If you follow industry news or happen to be a web or mobile developer, you've likely heard of the Accelerated Mobile Pages Project, or AMP Project. The HTML-based, open source project aims to make mobile pages load instantly on users' devices while still sticking to existing Open Web standards. AMP is already slated for use upon launch by tons of big names such as Alphabet, Twitter and the New York Times. In order for AMP to work, obviously, it has to support ads. Most of the web runs on ads, up to and including Google's massive empire that was built on ad-supported search functions. In an announcement made on Monday, January 25, the product manager and the director of global partnerships said that AMP will support ads upon rollout.
On goals for the near future of the project, the announcement pointed to two main goals; "Our goals throughout the process have been twofold: 1) Ensure that AMP works well with the publisher business models of today; and 2) leave lots of room for bold innovation in the future." This indicates that the standard will likely be left as open as possible as development continues, allowing developers and publishers to keep their content largely as it is now. This move has been praised by numerous partners. Ryan McConville of Kargo said, "Kargo is excited to bring our bespoke mobile ad formats to AMP's sleek publisher platform. We think the combination will be a win-win for publishers, advertisers and consumers."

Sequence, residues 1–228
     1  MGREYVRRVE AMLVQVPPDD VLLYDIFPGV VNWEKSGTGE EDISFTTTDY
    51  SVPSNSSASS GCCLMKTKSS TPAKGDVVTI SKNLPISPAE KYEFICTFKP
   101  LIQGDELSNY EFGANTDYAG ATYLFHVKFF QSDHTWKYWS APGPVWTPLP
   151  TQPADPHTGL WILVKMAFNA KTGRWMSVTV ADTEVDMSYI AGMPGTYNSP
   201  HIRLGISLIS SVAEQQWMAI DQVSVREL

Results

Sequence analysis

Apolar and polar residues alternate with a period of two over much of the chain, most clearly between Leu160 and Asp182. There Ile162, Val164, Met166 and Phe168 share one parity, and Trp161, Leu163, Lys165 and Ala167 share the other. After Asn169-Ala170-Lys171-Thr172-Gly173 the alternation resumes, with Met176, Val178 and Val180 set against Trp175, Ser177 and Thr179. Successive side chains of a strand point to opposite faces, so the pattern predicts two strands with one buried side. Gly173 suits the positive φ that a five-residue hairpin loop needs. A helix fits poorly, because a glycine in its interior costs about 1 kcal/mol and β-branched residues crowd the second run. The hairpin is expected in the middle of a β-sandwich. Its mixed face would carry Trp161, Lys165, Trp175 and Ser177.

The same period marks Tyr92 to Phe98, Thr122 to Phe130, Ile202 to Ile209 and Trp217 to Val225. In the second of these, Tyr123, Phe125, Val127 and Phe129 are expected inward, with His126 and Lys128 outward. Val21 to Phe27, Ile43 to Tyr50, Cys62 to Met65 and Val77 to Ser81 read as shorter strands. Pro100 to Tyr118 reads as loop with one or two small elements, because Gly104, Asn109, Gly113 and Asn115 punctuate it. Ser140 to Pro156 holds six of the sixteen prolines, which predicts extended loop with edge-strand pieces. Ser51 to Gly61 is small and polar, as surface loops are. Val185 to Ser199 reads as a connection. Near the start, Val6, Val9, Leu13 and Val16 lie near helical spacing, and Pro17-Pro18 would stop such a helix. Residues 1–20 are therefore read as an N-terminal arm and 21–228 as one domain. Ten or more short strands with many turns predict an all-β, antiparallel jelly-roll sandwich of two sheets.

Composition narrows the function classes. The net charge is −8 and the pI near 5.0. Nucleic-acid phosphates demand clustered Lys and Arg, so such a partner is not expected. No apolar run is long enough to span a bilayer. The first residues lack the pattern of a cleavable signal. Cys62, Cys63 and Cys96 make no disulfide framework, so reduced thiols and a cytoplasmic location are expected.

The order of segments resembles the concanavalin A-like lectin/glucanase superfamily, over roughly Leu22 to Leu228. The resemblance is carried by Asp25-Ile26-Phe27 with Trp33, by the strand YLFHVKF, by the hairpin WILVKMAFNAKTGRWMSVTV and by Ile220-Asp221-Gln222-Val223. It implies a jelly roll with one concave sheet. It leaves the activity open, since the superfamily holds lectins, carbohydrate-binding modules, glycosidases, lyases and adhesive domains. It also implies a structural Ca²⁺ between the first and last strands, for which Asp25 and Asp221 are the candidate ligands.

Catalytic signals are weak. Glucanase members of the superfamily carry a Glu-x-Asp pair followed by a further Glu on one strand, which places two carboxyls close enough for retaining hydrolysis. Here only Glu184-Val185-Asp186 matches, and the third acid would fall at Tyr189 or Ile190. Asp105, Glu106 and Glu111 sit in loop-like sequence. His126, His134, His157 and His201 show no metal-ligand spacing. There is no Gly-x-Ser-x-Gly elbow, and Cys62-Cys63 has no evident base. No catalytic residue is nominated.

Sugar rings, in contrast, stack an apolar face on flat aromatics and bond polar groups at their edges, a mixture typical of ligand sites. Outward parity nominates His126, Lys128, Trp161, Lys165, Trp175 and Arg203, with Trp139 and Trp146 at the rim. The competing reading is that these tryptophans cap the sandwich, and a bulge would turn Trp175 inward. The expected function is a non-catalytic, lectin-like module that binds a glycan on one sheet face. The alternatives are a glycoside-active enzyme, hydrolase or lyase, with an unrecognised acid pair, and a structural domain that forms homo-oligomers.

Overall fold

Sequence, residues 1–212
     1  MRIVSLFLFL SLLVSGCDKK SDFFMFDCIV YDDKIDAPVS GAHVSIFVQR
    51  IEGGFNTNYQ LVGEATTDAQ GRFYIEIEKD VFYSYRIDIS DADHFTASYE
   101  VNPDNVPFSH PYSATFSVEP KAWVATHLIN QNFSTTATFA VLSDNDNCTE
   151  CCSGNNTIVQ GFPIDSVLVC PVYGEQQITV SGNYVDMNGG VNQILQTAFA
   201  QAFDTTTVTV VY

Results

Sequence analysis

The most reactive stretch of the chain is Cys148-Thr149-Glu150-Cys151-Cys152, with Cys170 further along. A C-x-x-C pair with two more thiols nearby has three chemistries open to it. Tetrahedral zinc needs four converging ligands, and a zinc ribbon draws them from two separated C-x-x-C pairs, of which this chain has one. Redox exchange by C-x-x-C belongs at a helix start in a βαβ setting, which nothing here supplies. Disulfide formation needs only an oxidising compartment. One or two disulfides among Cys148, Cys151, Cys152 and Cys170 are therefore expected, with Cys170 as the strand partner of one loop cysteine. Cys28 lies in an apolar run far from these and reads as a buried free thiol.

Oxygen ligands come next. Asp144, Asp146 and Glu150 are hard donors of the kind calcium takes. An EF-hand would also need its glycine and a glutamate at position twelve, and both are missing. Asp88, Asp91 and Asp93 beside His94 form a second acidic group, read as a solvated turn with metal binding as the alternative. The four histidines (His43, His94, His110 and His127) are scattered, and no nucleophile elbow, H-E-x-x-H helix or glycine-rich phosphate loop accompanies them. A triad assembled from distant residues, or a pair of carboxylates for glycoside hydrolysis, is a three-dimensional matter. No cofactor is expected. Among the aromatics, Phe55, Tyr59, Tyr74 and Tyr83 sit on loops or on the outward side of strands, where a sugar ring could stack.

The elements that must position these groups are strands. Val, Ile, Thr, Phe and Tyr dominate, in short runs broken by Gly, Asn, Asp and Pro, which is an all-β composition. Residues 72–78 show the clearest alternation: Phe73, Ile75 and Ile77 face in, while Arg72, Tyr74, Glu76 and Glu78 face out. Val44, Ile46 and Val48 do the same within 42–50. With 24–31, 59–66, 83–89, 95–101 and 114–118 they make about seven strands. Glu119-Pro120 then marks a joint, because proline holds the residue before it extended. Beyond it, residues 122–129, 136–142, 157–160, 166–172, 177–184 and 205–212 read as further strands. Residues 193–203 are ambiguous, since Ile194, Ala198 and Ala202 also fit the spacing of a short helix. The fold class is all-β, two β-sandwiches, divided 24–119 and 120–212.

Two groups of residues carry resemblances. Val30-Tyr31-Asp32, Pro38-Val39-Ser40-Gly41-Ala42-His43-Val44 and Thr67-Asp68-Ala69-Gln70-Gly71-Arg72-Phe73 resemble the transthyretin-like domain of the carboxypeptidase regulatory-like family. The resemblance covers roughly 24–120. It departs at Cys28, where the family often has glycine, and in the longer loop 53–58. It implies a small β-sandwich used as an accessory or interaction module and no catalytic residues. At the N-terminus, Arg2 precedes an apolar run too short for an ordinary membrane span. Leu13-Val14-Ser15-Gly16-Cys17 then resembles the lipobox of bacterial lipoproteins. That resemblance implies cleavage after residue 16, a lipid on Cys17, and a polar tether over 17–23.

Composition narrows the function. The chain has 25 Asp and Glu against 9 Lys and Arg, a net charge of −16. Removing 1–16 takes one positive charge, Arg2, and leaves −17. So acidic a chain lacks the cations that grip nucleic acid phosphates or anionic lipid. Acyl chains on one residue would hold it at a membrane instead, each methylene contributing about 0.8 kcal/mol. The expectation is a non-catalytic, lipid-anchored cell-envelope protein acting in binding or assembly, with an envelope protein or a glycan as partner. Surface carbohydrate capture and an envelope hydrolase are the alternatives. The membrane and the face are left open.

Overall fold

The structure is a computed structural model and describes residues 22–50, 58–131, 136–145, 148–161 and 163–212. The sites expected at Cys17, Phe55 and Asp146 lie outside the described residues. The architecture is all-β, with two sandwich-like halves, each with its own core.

The announcement also indicates that this standard is the beginning of what will turn into a continuing effort to open up and optimize the web in a hand-in-hand process. "We also can't emphasise enough that this is just the start.", the announcement states. Noah Szubski, Chief Product Officer at The Daily Mail agrees, saying, "We see AMP as an important early step but expect innovation and for this to be a long term strategy." The announcement outlines four key points; "Faster is better", "'Beautiful' matters", "Be safe, be secure" and "We're better together", then goes on to state that the project's managers believe "If we can crack this code, we believe it will help grow the advertising pie for the entire industry", leaving no doubts as to the direction and spirit of the project.